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Glossary of terms


Shoreline Buffer Zones


The shoreline buffer zones of streams, rivers and other bodies of water in the Lake Memphremagog watershed are the last defense for the protection of this large potable water reservoir that is the lake. In fact, these shoreline buffer zones play a crucial role in the lake’s protection, and their destruction has been a leading cause of the degradation in the quality of the water of the lake, contributing to its accelerated eutrophication and to the proliferation of cyanobacteria. Luckily, Quebeckers have started to recognize their importance, and a number of municipalities in the watershed have enacted by-laws to formally forbid their destruction, and to require their re-establishment in cases where they have been eliminated. Much renaturalization work remains to be done, but at least this work has begun.

What is a shoreline buffer zone?

The shoreline buffer zone is that section of land that borders lakes and other bodies of water. In its natural state, this zone can go a long way towards protecting aquatic areas by creating a barrier against pollution. Nonetheless, in order to play its full role, this zone needs to be large enough, be composed of indigenous plants, and contain three strata: grasses, shrubs and trees.


Restoration of the shoreline buffer zone at Weir Park in the municipality of Ogden


What are the benefits provided by shoreline buffer zones?

To maintain water quality for the long term, it is primordial to ensure the natural character of the shoreline, for the buffer zone plays a number of roles:

Sanitation functions

When rainwater hits the ground, it trickles towards streams rivers and lakes, carrying with it some of the contaminants found in the soil, such as sediments, nutrients, pesticides, herbicides and bacteria. Acting as a natural barrier, the vegetated zone will take up some of these elements, reducing the amount entering the waterway. In actual fact, the presence of trees, shrubs and other plants on the ground reduces the speed at which the water trickles, reducing its capacity to carry contaminants long distances. This gives the water time to soak into the soil, where the contaminants will be deposited before reaching the waterway. Also, the roots of the plants will absorb nutrients as well as holding back soil, protecting the shoreline from erosion and landslides. The buffer zone thus acts as a filter, preserving the quality of the water for drinking and swimming, but also protecting the entire aquatic ecosystem.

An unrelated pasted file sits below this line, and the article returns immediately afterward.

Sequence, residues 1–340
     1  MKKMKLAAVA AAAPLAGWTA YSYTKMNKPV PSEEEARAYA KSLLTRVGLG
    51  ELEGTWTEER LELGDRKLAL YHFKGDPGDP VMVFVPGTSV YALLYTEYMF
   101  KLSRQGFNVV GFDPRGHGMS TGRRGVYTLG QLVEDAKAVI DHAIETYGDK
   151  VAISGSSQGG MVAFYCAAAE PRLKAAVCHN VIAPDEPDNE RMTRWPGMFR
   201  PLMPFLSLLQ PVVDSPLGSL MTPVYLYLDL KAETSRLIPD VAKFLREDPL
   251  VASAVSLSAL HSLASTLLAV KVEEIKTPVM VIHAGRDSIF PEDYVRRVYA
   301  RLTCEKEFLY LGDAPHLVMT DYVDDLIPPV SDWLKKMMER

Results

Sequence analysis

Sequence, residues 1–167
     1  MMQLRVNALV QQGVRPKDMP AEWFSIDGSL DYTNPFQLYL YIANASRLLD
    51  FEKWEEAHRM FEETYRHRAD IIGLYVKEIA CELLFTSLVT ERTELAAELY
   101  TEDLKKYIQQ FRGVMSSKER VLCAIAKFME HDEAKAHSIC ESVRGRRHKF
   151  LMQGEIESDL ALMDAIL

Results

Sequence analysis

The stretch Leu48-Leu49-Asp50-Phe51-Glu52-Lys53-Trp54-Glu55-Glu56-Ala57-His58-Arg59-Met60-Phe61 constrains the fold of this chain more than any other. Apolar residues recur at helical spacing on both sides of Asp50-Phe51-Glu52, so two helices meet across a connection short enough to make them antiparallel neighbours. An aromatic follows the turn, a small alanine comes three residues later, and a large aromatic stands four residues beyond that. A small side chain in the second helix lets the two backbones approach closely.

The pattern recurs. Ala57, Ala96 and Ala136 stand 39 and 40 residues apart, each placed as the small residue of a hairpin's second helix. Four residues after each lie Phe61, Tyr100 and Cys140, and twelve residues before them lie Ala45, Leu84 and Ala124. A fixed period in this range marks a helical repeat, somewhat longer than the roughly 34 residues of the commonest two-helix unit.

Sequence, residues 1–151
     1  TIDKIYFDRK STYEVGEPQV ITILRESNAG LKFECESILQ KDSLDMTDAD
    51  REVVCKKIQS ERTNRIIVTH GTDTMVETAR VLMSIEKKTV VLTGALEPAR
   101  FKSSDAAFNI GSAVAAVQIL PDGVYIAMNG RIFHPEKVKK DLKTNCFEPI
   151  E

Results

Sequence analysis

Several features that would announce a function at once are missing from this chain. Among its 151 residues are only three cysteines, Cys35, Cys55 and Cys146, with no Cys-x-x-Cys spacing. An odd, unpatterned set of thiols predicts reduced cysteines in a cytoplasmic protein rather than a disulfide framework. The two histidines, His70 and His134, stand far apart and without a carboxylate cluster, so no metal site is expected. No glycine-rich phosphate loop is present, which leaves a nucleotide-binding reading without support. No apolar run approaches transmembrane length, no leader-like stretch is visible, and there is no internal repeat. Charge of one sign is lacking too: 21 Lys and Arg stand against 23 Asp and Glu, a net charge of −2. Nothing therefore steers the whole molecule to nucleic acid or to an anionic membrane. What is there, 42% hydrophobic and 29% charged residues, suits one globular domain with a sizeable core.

Ecological functions

These buffer zones help protect aquatic as well as shoreline habitats. Shoreline vegetation provides food and shelter to a number of animal species. As well, trees provide shade, maintaining cooler water temperatures even in the heat of summer. Many fish species, including trout and salmon do not like warm water. In fact, as water temperatures increase, the amount of dissolved oxygen in the water decreases. Since these fish require a lot of oxygen, warm water temperatures are harmful to them. As well, the buffer zones also protect fish by reducing the volume of sediments entering the water. Too much sediment in the water can kill the fish by irritating their gills, eyes and scales.

Protection of landscape esthetics

The intake of nutrients into lakes causes excessive growth of aquatic plants and algae, including toxic and invasive species. These reduce the clarity of the water, change its odor and taste and reduce its quality, thus increasing the costs of treating it for domestic purposes, reduce the amount of dissolved oxygen, and impede recreational boating. The presence of a proper buffer zone will maintain the natural character of the shoreline, contributing to higher property values by reducing the nuisance factor linked to excessive flow of nutrients into the waterway.